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Canonical and Debian

On Sun, Jun 05, 2005 at 06:32:10PM +0200, Josselin Mouette wrote:
> Le dimanche 05 juin 2005 ? 18:20 +0200, Wouter Verhelst a ?crit :
> > > Oh, great. I forgot that Canonical's business model is to use Ubuntu as
> > > an upstaging area for Debian, so that we're always lagging behind. Will
> > > the next development decisions also be taken by some Canonical staff?
> > 
> > Yes. "Canonical" actually means "Cabal".
> > 
> > There. Happy now?
> Is the Cabal supposed to be the pendant of the Godwin point for
> Debian-related discussions? We all know there *is* a cabal, since the
> latest DPL election and that Vancouver proposal. Trying to shift the
> conversation to a supposedly legendary topic is purely rhetorical, and
> doesn't answer the question:
> Are, as of today, Canonical and its employees the sole people
> responsible for important technical and political decisions within the
> project?

If you're going to complain about a cabal, please do try to get the
facts straight: The DPL team consists of only one Canonical employee,
who was even later, after the election, added (Benjamin "Mako" Hill),
and in Vancouver, again there was only one[1] single Canonical employee
present (James Troup). All the others involved with either of those two
groups are not involved in Canonical at all, and only one or two are
marginally involved in Ubuntu.
> This is a real question, that deserves something else than "there is no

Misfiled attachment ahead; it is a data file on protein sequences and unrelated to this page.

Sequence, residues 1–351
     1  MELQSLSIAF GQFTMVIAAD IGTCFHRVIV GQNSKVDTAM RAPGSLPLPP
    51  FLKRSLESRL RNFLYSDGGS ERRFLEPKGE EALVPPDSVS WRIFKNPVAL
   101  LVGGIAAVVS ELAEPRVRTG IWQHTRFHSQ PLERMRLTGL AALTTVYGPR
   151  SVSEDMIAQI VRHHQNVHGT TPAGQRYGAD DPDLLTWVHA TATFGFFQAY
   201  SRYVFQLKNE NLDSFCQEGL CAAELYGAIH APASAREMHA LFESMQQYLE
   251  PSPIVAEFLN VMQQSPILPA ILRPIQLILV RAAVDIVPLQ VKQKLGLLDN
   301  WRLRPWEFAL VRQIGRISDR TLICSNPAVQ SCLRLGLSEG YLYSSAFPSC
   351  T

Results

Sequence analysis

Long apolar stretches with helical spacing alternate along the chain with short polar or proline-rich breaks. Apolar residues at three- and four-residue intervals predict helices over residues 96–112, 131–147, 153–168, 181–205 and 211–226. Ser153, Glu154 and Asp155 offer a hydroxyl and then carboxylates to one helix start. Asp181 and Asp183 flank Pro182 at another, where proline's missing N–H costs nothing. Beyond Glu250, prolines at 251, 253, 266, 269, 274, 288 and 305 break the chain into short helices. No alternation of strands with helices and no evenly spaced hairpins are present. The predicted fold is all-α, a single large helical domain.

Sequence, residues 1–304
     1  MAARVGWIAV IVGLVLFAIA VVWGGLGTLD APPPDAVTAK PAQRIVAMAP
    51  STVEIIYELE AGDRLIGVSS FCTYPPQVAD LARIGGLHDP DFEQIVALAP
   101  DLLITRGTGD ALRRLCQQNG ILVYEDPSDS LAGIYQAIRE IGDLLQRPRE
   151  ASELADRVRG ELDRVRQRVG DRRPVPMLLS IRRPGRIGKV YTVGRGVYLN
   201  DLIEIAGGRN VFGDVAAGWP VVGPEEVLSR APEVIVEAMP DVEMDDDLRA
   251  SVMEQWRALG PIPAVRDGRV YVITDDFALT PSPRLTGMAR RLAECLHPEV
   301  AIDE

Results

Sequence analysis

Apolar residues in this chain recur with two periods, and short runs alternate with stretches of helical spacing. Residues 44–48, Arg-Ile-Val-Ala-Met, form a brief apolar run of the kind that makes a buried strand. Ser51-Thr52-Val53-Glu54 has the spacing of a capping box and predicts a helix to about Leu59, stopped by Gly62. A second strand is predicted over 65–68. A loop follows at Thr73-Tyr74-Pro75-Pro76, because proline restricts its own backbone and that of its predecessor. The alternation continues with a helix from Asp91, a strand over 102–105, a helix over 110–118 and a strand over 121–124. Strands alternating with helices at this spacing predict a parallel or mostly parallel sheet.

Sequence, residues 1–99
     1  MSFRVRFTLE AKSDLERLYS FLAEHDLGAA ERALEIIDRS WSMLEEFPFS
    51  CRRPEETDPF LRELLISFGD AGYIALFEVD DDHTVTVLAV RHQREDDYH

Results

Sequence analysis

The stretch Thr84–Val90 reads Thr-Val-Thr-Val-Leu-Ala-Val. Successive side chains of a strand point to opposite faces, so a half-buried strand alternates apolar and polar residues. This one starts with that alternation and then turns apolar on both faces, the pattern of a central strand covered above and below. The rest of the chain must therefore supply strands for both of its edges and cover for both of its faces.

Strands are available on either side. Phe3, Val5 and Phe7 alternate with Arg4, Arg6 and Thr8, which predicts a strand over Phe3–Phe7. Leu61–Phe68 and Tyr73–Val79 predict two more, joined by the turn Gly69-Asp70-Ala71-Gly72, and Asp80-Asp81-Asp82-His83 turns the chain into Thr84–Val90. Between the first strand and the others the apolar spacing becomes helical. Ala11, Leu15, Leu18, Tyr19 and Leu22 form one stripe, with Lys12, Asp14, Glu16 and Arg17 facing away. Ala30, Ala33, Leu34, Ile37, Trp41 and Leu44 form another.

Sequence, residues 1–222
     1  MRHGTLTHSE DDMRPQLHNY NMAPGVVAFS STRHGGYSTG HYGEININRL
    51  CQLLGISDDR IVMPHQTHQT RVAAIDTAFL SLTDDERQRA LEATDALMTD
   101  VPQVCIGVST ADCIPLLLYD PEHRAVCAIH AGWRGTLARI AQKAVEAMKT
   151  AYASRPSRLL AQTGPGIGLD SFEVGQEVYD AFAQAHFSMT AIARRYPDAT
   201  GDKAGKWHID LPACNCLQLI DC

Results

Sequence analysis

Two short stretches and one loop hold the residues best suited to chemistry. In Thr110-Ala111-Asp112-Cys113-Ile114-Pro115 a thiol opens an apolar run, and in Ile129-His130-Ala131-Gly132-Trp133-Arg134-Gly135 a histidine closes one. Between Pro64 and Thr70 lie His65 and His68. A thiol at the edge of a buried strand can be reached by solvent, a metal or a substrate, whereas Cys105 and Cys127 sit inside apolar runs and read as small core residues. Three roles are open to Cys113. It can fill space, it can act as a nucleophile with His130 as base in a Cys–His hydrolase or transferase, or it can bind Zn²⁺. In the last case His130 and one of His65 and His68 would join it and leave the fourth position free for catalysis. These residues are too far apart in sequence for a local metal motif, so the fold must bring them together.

> cabal" as an answer. Debian has succeeded so far as the project was
> independent from any institution or company. If this changes, we're
> going to a dead end.

All the teams that are occasionally accused of cabalistic
characteristics are composed of a diverse group of DD's, and I dare say
that they are composed of a group of DD's that simply have shown genuine
interest and constructive contributions to the team's goal at hand. In
other words, those teams consist of those doing the work. I'll be the
first to admit that indeed the admittance to such teams might be a bit
obscure to those not following closely what's happening, but if
someone's genuinly interested in contributing to any particular task,
there's always a lot to do also for relatively outsiders, and that's the
way you can show competence and make a step towards joining.

If you believe that it is impossible, I can assure you I've doing
exactly the above. Considering I've started my NM process beginning of
2004, hardly knowing any other DD, and I'm a DD for less than half a
year now, I think one can say it can't be that bad. For what it's worth,
I did feel and do still feel that some parts of Debian are too obscure
to join and contribute to, it's not that I don't think that can be

One of the things I've done to try to improve the situation,
was mobilizing a group of somewhat-like-minded people in the form of a
DPL team. I know results so far are sparse, especially seeing we're
approaching 2 months since the election now, but releasing Sarge has
drained a significant amount of energy of a number of people so far :-/.
I plan to give more attention to this stuff real soon now, and also in
Helsinki, I hope a number of brainstorm sessions on issues like this
will result in good and new idea's on various subjects.

As always, constructive idea's and posts about issues in Debian not
running as smoothly as they maybe could are always appreciated, but just
complaining about being doomed with Canonical ruling Debian, or
something like that, is not constructive at all, rather, it'll only hurt
cooperation. And isn't cooperation one of the founding reasons for the
Open Source movement, that one can share idea's and code, in order to
all together make the greatest software about?

Thanks for listening,

[1] Colin Watson was not present, but indeed he was one of the
    supporters of the Vancouver proposal too, so that makes 3

Jeroen van Wolffelaar
Jeroen@wolffelaar.nl (also for Jabber & MSN; ICQ: 33944357)

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